Cropper explained that the letter-writing campaign was initiated in response to a dispute over the administrator's contract, and grew more intense as the actions of the administrator and Colony Association President Mike Ranaldi became more and more unacceptable to some residents.

"We weren't getting anywhere [at board meetings]," Gingras said. "Things were not being done that should have been done."

Voicing her hope that a new board would help move the situation forward, Gingras said her decision to run for the board stemmed from her realization that it was time to, in her words, put her money where her mouth was.

"We need to show what we want the Colony to become," she said.

Recalling that a resident who attended the last community round table at the lodge brought up the idea of reviving the community-wide spaghetti suppers that used to take place at the lodge on weekends, Cropper said she and a group of like-minded residents planned to hold one on Saturday, Aug. 1.

Grey said it would help to have a volunteer step forward to coordinate community events.

Voicing her concerns about board members stepping down in the middle of their terms if they find it difficult to cope with the nature of their position, resident Rita Wolfe asked each of the candidates to state whether or not they were willing to commit to a full two-year term.

Gingras said she was personally committed to two years, but noted that there was a one-year position available on the board as well, due to a former board member's decision to step down in the midst of a term.

"We're a nine-member board, not a five-member or a seven-member board," she said, suggesting that there should be a system in place to appoint alternates (preferably runners-up in the election) to replace board members who step down early.

Grey commented that it would be nice to see more people step forward to run for the board.

Noting that the Colony's relationship with the current board of selectmen was the friendliest one in years, Grey (who said he had always opposed the "Private Community" sign that was recently removed from the entrance onto Colony Drive) advised the remaining candidates that the Colony's past history of setting itself apart from the rest of Barnstead had generated hard feelings on the part of townspeople and public officials.

Pointing out that the thoughts voiced by former selectman Ed Tasker (who stated during a public hearing on break-ins at the Colony in 2007 that he considered Locke Lake an "itinerant community" and would not care to associate with any of its residents) were shared by many in town, particularly those old enough to remember when the Colony was founded, Grey suggested that future board members and residents alike start trying to repair some of the damage by referring to themselves as "North Barnstead," rather than "Locke Lake."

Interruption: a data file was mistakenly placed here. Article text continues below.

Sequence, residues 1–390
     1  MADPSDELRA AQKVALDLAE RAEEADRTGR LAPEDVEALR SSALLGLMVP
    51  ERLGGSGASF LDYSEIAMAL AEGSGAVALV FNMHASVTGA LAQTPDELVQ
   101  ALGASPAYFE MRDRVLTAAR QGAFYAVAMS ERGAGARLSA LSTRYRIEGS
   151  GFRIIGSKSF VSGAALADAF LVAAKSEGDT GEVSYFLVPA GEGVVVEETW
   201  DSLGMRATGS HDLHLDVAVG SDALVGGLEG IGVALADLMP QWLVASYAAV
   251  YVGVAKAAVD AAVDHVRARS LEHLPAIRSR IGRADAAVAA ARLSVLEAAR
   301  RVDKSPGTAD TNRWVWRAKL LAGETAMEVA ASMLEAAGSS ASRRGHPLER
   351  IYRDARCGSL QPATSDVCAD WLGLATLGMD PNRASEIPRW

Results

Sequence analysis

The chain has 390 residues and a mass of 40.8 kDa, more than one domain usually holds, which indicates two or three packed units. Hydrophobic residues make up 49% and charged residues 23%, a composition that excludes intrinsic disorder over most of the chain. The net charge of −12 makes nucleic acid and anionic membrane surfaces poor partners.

Grey's wife, Joyce Parsons (who also serves on the board of directors), explained that Colony founder Jim Locke made a number of promises to the town that he failed to keep, creating a strong anti-Colony sentiment within the community.

For example, she said, Locke assured local taxpayers at the time of the Colony's founding that it would not add children to the school system, only to break that promise with by-laws that allowed families to move into the development.

As a result, she explained, residents who had, in some cases, been paying as little as $600 a year in taxes on large pieces of property saw the town's tax rate climb higher and higher as Locke Lake's growing population generated an increasing demand for services.

The "Private Community" sign, she said, heightened the animosity toward Locke Lake by giving townspeople the impression that Colony residents were trying to shun them.

Responding to Wolfe's initial question, Joly said he had "never quit anything," and was "not starting now."

"I'm not ashamed to say I live in Locke Lake," he added in response to Grey and Parsons' comments, explaining that he grew up in Marblehead, Mass., where a similar situation occurred, with luxury condominium complexes driving up the local tax rate.

"Costs go up," he said. "It's a reality, and everybody has to learn to live with it."

The election results will be announced during the Colony Association's Annual Meeting on Saturday, July 25.

Brendan Berube can be reached at 569-3126 or bberube@salmonpress.com

Klumb Environmenta;
Varney Smith